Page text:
|Applies To||RSA Certificate Manager 6.6|
|Issue||Error: "HTTPS Error Returned:: java.lang.Exception: no trusted certificates found" in RSA Certificate Manager|
Java application is using a .p7b file (PKCS#7) to load in their truststore do to a standard server authentication. That file contains the complete certificate chain and also the server certificate.
|Cause||The client application is architected improperly to store the server certificate and it's full certificate chain in the .p7b file. In this particular case, the issuer certificate (sub CA certificate) was resigned, so the serial number and md5 of the certificate is no longer the same. The SSL connection is then rejected.|
|Resolution||When doing a standard server certificate-based authentication, the client application should trust a CA certificate (preferably the Root CA), not the server certificate. For example, your web server has an SSL server certificate (SSLCert) issued by SubCA, whereas this SubCA is issued by RootCA. You must provide the full chain within your web server's configuration.|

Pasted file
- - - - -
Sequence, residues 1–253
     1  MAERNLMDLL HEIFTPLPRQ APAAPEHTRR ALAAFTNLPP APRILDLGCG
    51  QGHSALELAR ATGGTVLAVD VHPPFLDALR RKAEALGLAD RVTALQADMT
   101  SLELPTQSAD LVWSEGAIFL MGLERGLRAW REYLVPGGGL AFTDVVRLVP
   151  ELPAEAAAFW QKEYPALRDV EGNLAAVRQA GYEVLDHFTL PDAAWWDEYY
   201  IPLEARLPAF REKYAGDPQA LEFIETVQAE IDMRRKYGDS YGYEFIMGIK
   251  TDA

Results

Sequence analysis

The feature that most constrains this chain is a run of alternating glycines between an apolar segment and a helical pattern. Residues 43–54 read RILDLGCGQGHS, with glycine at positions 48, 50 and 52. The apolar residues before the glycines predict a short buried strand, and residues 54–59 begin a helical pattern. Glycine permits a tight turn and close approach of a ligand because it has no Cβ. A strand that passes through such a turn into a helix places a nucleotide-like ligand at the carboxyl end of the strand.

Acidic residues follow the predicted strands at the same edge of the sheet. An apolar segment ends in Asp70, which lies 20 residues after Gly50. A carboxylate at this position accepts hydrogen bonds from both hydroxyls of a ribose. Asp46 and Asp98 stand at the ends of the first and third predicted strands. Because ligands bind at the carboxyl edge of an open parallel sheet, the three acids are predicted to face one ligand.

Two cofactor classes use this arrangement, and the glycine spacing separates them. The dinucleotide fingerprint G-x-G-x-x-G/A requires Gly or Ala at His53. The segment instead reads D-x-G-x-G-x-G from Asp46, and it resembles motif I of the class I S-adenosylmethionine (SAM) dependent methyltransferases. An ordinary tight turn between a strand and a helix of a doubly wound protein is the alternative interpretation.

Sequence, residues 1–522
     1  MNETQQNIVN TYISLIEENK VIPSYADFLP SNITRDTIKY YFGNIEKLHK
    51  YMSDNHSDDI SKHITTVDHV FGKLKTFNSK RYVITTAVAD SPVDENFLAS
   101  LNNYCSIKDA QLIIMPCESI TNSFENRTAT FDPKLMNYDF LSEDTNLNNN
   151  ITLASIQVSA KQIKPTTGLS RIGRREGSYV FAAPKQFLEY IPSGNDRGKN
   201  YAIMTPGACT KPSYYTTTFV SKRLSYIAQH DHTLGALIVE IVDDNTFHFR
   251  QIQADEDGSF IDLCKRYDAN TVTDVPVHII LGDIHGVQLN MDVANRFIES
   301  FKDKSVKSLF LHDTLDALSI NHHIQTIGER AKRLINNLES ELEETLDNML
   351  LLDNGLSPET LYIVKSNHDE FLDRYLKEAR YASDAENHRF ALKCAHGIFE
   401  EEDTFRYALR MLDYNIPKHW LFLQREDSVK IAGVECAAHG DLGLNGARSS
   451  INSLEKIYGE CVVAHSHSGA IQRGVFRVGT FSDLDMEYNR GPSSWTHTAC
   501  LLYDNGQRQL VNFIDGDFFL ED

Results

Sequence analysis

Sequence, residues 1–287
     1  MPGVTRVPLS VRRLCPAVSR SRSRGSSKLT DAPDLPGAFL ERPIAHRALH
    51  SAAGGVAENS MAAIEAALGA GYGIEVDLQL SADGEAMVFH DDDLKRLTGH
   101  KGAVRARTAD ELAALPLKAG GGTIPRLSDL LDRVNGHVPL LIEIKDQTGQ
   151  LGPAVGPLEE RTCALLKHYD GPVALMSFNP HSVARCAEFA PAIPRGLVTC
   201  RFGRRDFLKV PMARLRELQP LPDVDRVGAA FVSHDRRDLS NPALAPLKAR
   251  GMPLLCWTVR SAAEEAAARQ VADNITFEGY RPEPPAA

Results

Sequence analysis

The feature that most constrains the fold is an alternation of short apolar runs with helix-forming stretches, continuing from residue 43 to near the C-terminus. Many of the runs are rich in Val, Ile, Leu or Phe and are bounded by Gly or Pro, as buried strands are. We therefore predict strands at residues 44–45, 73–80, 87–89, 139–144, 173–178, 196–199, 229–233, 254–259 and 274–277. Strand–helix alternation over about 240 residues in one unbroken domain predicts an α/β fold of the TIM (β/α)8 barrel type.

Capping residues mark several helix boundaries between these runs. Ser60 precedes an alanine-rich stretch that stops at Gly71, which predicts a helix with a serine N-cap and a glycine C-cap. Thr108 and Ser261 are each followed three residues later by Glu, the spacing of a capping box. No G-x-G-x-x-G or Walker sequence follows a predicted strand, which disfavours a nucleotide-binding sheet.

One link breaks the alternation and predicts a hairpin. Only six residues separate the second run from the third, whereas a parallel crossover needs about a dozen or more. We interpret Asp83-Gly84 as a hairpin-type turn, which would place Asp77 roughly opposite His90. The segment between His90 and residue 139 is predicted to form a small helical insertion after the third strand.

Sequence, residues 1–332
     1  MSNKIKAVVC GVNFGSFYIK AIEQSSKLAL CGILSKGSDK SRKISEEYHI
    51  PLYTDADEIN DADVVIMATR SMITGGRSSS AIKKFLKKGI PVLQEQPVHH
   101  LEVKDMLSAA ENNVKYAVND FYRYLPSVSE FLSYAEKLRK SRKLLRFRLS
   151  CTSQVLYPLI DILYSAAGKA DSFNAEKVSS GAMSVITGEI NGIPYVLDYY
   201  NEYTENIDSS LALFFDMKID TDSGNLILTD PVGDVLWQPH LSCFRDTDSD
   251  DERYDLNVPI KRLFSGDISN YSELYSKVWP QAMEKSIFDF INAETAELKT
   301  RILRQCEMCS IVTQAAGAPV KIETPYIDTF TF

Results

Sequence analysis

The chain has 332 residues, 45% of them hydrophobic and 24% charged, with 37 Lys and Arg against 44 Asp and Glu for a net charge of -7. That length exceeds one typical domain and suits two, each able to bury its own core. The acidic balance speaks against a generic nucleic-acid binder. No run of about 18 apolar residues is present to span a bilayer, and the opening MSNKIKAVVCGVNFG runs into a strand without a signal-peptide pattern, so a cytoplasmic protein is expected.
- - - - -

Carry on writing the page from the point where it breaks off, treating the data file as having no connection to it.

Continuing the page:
Your client application needs to trust SubCA and/or RootCA ensuring that SSLCert will be chained to SubCA then trusted. In the symptom described above:
- The client application had SSLCert, SubCA, and RootCA in a single .p7b file, and the application was using this file as its truststore. The application was working fine.
- SubCA was then resigned (but not applied on the web server)
- The new SSLCert was exported with its full chain in a new .p7b file. This file then contained the new SubCA certificate.
- This new .p7b was then used by the application, and they had that symptom, because the application was doing a full certificate matching to allow the connection, and since SubCA certificate on the webserver was not the same as the one in the .p7b, the match failed, thus rejecting the connection.
|Workaround||The SSL server certificate was re-signed from the same CA, but that CA was previously re-signed|
|Legacy Article ID||a30733|